Now we are back to the first level rule manager and you should see your two new rules listed here. Again, click on the “new rule” button and from the top part of the dialog box we are going to select the option “use a formula to determine which cells to format” as the rule type. In the formula bar that appears type in the following without the quotes, “=ISBLANK(B1)=TRUE”. Next click on the “format” button to select what actions will apply when the conditions of this rule are met. If you are changing the color of the cell then click on the “fill” tab, if you are changing the color of the font then click on the “font” tab. For the purpose of this example we are going to choose white for the fill color and “automatic” for the font color, depending on which you are doing. Click the OK button and then click the next OK button on the rule dialog box and you should be taken back to the rules manager dialog box.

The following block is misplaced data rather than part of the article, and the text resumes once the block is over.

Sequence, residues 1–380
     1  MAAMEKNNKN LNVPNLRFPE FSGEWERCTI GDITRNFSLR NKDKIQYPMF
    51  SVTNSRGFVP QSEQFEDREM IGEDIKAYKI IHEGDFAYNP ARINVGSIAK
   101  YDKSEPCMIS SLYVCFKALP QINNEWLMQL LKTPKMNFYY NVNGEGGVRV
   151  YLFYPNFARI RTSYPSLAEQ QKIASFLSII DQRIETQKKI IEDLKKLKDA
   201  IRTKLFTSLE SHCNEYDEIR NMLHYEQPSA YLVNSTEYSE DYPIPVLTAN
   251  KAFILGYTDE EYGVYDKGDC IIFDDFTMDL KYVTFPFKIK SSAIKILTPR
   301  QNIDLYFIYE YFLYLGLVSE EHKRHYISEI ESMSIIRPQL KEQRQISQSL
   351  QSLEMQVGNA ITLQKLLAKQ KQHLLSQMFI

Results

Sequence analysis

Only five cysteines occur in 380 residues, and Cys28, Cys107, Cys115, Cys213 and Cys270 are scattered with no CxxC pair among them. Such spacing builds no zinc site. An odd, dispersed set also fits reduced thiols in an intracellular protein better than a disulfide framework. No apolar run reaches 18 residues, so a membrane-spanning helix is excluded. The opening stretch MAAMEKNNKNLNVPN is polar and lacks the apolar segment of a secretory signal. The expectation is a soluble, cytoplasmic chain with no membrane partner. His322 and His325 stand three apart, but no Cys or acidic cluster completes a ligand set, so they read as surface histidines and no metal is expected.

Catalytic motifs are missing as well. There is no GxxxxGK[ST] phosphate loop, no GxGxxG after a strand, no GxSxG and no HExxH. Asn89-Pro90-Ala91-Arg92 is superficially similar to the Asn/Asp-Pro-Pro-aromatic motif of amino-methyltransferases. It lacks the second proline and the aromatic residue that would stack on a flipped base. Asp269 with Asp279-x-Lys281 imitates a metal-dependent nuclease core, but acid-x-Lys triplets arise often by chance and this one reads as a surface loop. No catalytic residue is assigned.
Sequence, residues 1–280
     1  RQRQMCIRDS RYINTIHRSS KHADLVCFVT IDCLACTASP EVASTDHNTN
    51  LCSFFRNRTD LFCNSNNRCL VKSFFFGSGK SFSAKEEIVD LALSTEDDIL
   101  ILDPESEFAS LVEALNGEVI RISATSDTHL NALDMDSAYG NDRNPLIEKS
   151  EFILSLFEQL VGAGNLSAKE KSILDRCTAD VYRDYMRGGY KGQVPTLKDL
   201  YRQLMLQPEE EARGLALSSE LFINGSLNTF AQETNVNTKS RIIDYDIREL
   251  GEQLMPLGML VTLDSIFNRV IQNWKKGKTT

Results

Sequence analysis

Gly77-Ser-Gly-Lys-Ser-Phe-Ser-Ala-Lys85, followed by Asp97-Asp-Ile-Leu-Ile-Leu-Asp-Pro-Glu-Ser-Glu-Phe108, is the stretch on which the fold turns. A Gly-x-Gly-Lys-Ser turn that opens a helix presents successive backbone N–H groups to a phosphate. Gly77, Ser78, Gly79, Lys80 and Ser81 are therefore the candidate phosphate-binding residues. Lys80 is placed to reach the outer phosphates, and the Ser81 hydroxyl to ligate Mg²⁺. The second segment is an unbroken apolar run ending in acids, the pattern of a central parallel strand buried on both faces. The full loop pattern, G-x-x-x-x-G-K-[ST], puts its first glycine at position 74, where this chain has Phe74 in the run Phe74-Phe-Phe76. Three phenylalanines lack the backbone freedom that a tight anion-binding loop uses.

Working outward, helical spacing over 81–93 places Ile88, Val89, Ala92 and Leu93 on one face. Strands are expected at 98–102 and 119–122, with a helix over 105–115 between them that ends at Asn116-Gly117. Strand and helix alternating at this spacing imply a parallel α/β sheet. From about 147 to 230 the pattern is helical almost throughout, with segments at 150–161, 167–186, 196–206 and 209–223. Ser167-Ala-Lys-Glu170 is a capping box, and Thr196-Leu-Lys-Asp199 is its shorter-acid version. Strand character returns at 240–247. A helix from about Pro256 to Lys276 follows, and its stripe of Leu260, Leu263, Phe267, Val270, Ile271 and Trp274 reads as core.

There should be 3 rules listed now in order by creation with the newest on top. You should have 2 “cell value” rules and one “formula” rule. On the far right of each rule you will see a “stop if true” check box. Click on the check box for the “formula” rule but leave the other 2 rules unchecked. Now click the OK button to close the dialog box. Now, click the “Apply” button, then click the “OK” button.
Congratulations, you have just entered lines of code in excel to create a rule of conditions. Save the excel sheet as “test1” in a folder of your choice or on your desktop and close it. The next time you open the document the color rules will take effect. If you would like to play around with this try changing the date on your computer to another day in the past or future and re-open the excel sheet. Notice the cells change colors based on the date change.
With this new knowledge at hand you can make the changes to your existing documents by applying this process to the dates you want to monitor.